For RTT options you will find Snatch Wagons offer any model Tepui Tent you’d like which generally range in price from approximately $1,000-$2,500 and sleep up to four people. The base that the tent is mounted to is a clam shell design that can be lifted by either the rear or side depending on how you order it and is supported by pistons that keep it open to access to the storage area from above. Snatch Wagons wanted us to note that for those that prefer the base to pivot on the front of the trailer and open from the rear that it makes opening the trailer with the tent set-up much more difficult as you will have to lift the entire tent and ladder system, while if the base lifts from the side it works with the folding pivot point of the tent and can be opened much easier because the ladder and part of the tent will remain level.


What you see is what you get with the Stealth model trailer. There is nothing fancy or sophisticated about the design of this trailer. There are no side doors, no pull out kitchens, and no fancy latches. If you want to keep your valuables secure then simply place a pad lock or cable lock on the tail gate and call it good. When asked about latches and locking handles it was all back to the idea of keeping things as simple and maintenance free as possible. One of the things I noticed was a lack of a spare tire for the trailer and when I inquired about spare tire options they said that one could be added but because most vehicles carry a spare tire they generally match the trailer tire to the tire on the vehicle towing it. A great idea to save weight, the biggest down side is that because their axles come standard with a 5×5 inch lug pattern this would require an adapter for any vehicle that has a different lug pattern. From a personal perspective I also don’t want the tires that are on my off-road vehicle to be the same tire as on my trailer due to a number of factors such as wear, weight, and cost, but for a spare as long as the tire is the same size I can see the advantage of matching the tires.  The trailer is also designed with a standard hand wound trailer jack on the front of the trailer and two adjustable stabilizer legs on the rear of the trailer. When in their folded positions these features are pretty well out of harms way but Snatch Wagons took it a step further by making sure everything had quick disconnects so you can gain a few extra inches of clearance and don’t have to worry about damaging your electrical system, your jack, or your stabilizers.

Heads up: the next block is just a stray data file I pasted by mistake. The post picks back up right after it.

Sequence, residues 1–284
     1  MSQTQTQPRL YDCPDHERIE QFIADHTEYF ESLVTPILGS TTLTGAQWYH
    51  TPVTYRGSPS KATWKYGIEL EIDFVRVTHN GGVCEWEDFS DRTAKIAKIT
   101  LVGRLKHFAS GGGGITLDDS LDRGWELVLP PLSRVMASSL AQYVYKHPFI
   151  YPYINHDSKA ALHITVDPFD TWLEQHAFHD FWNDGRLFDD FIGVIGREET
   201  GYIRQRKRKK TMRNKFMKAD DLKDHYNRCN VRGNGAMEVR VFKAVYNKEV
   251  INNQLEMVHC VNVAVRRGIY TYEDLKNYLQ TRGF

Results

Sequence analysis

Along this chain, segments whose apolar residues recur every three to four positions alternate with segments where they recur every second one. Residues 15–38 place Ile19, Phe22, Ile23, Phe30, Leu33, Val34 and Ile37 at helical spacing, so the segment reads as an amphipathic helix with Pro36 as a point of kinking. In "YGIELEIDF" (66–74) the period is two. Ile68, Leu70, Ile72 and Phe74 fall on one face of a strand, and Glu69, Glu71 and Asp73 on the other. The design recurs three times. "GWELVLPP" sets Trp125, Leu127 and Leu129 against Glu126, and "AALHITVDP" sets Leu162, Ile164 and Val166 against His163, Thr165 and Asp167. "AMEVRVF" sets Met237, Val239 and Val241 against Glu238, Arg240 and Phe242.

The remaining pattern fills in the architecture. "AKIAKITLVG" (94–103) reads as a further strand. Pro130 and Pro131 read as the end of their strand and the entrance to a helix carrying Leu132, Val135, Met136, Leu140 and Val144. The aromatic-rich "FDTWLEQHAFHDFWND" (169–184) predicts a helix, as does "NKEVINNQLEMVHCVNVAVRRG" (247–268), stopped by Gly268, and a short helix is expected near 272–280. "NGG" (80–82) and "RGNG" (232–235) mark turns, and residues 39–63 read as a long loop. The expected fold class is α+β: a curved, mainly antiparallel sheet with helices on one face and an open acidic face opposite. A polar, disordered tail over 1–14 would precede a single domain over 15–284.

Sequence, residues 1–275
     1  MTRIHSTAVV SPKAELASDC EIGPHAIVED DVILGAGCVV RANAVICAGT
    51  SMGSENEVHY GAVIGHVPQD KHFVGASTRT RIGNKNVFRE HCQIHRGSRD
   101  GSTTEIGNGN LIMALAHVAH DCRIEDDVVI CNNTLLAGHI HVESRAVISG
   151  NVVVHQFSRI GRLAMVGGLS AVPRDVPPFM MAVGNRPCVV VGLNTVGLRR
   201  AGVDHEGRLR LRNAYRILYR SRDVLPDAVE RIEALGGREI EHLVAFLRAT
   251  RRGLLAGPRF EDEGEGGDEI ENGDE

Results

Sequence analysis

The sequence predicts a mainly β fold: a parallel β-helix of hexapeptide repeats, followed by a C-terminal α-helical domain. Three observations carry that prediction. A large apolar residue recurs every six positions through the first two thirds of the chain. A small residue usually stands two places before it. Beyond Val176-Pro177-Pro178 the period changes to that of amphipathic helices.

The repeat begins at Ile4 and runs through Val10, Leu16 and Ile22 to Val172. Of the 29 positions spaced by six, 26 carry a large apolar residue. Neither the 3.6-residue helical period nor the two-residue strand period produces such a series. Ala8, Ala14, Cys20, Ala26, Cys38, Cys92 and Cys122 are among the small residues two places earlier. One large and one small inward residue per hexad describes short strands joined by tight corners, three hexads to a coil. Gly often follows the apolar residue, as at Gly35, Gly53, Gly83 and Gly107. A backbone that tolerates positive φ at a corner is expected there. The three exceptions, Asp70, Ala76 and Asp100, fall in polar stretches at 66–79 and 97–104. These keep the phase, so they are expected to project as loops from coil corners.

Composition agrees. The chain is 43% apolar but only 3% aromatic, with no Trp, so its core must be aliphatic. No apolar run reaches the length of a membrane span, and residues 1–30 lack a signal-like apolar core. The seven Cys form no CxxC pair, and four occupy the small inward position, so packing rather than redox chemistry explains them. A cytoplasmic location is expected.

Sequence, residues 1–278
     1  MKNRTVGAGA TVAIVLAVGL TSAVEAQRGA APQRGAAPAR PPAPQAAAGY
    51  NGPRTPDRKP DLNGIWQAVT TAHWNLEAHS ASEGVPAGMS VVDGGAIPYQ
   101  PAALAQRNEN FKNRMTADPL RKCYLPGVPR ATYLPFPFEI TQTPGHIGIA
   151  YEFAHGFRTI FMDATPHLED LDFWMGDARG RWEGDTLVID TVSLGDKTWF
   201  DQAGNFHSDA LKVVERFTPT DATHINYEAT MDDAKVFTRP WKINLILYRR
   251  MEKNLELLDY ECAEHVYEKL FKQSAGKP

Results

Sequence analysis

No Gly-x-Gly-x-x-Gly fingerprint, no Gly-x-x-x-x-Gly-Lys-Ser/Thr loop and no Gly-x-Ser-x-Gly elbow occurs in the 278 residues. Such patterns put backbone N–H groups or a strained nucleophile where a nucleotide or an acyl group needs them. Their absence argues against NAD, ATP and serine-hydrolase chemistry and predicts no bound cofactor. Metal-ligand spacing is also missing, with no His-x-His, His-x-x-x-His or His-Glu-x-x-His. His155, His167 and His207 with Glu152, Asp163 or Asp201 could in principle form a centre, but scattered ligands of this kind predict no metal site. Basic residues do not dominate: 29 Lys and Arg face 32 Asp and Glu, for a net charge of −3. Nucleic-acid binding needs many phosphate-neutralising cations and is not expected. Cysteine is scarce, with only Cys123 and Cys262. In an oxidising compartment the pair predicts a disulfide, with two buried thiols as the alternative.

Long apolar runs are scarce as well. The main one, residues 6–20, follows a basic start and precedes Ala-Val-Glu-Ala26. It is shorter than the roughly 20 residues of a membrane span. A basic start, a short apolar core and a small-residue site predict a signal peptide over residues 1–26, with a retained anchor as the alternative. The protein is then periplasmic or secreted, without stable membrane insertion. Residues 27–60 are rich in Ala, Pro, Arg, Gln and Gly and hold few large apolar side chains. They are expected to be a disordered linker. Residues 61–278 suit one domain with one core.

Snatch Wagons was very clear that they had a skilled team of fabricators and could add or change just about anything you could possibly want. If you’re not sold on the look of the durable bed-liner type material that the Stealth model is coated in then you can always opt for the original model that has paint and graphic options. For the base model Stealth though you’re looking at a cost of $5,000 plus the cost of the RTT, and any additional features increase the price from there. Below you will find a list of trailer dimensions and specifications based on the standard line Stealth model with 33 inch tires. Common additional options available will also be added, however we decided to omit the prices as they varied depending the make, model, and size options of these features.